Bonaparte’s Gulls are breeding birds of northern Canada, where they breed along the coasts of rivers and lakes. 

These small gulls are largely white, except for a jet black head during the breeding season, as well as black wingtips and a light gray mantle. 

They can be found throughout the North American continent during migration, and winter along the east and west coasts, as well as in the caribbean. 

Franklin’s Gull

Scientific name: Leucophaeus pipixcan

Photo of Franklin's Gull in flight

These small gulls breed in the marshlands of northern North America.

They are also commonly encountered in the United States while migrating from their breeding grounds to their wintering grounds in South America. 

Adults in breeding plumage have a large white body, with a light gray mantle and a black head, as well as black-tipped wings. 

Immature birds and nonbreeding adults lose most of their black head feathers, except for a patch behind their eyes.

California Gull

Scientific name: Larus californicus

Photo of California Gull in flight

These medium-sized gulls are almost entirely white, except for their gray mantle and the black wing tips. 

They breed on inland water bodies, including lakes, marshes, and rivers, but forage miles away from their breeding colonies, and so can be encountered over land as well.

They spend the winter months along the entire west coast of the United States and Mexico.

Northern Gannet

Scientific name: Morus bassanus

Photo of Northern Gannet in flight

These birds are impressively large and are nearly as big as albatrosses. They have a largely white body with black wingtips, and a small dark mask.

If you see these big birds, notice how fast they dive in order to catch their food, and plunge into the water only to resurface with a mouth full of fish.

Northern Gannets nest on the cliffs of northern North America, but winter along the entire coastline of the eastern United States and the Gulf Coast.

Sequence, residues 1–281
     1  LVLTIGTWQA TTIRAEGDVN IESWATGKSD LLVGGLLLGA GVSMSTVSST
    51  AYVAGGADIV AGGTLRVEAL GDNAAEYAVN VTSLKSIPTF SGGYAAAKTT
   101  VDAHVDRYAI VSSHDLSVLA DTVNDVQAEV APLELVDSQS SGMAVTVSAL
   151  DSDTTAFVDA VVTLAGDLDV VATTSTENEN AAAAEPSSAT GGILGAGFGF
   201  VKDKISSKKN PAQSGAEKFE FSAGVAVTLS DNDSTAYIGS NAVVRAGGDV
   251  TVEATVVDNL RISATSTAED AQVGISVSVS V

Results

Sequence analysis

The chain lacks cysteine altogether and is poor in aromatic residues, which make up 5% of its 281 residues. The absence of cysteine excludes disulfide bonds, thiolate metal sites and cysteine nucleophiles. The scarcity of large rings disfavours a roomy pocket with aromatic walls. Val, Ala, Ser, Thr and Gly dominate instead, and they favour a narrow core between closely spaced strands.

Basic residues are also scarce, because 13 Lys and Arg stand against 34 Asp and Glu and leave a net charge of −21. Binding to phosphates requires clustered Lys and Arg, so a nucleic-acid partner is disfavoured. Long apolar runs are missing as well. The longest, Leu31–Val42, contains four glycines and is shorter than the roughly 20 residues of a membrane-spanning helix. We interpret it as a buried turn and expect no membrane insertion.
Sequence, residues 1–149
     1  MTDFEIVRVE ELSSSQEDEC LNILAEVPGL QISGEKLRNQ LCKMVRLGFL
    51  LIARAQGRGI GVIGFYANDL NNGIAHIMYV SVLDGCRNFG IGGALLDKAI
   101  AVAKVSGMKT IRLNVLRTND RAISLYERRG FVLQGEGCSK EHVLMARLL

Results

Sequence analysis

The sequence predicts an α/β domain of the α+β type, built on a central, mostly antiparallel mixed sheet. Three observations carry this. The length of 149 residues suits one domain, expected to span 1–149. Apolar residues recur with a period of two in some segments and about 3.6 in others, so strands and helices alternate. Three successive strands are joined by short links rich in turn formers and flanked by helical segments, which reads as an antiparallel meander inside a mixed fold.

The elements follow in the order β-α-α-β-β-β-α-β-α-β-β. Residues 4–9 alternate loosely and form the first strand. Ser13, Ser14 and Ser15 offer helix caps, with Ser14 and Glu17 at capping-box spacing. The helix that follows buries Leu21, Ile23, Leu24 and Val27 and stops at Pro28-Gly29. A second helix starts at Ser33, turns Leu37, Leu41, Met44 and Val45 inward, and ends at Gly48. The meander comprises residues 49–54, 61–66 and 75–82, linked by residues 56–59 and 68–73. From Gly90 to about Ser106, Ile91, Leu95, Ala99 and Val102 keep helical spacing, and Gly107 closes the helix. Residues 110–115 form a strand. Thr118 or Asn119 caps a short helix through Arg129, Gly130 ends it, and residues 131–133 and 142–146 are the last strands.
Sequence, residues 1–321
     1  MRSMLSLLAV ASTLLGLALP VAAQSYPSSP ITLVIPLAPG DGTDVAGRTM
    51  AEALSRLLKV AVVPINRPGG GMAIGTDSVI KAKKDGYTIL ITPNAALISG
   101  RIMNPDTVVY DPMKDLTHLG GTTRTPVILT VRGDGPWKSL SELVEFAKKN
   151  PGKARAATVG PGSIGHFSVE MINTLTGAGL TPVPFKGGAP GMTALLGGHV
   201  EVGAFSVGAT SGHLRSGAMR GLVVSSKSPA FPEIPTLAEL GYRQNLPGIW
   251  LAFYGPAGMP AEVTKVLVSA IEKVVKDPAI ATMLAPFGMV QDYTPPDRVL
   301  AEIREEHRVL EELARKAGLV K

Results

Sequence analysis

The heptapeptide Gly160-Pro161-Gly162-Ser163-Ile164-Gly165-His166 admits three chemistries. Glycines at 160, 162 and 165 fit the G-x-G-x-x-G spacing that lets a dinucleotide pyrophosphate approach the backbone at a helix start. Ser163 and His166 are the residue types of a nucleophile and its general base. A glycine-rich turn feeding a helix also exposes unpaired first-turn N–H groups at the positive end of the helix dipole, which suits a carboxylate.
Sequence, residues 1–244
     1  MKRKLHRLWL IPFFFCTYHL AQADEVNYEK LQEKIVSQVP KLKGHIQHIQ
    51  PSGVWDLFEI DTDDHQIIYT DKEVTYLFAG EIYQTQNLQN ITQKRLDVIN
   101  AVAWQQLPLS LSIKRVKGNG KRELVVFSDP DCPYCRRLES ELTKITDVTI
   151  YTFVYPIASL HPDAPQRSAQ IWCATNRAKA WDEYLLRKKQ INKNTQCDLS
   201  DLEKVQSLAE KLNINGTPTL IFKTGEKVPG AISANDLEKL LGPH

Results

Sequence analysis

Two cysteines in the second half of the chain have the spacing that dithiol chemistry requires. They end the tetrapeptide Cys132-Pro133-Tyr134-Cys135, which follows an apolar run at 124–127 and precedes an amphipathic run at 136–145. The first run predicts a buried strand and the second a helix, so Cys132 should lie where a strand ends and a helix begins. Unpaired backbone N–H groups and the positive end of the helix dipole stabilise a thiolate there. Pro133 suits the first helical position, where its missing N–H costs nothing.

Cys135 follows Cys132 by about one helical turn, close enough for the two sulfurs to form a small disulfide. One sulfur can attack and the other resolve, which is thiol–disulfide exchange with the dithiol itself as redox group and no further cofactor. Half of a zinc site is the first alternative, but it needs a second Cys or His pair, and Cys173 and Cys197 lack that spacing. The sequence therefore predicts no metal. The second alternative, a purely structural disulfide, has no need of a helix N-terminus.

Snow Bunting

Scientific name: Plectrophenax nivalis

Photo of two Snow buntings in flight

Snow Buntings are small songbirds that breed in the arctic tundra, but migrate south in winter, showing up in large flocks in southern Canada and the northern United States.

During the breeding season, males are mostly white, except for their black shoulders, wingtips, and tail feathers. Females are more drab, with a mix of grayish brown and dirty white. 

During the winter, these small white birds acquire a more brownish white color, which helps them to blend in with the surroundings in their winter quarters.

Final remarks

In summary, here are the 13 types of white colored birds with black tipped wings:

  • Snow Goose
  • Swallow-tailed Kite
  • American White Pelican
  • White Ibis
  • Whooping Crane
  • Ring-billed Gull
  • Laughing Gull
  • Herring Gull
  • Bonaparte’s Gull
  • Franklin’s Gull
  • California Gull
  • Northern Gannet
  • Snow Bunting

If you’ve spotted one of these birds while bird watching, hopefully this ID guide will help you identify it quickly and easily.

And if you enjoyed this article, check out our guide to the types of red birds with black wings.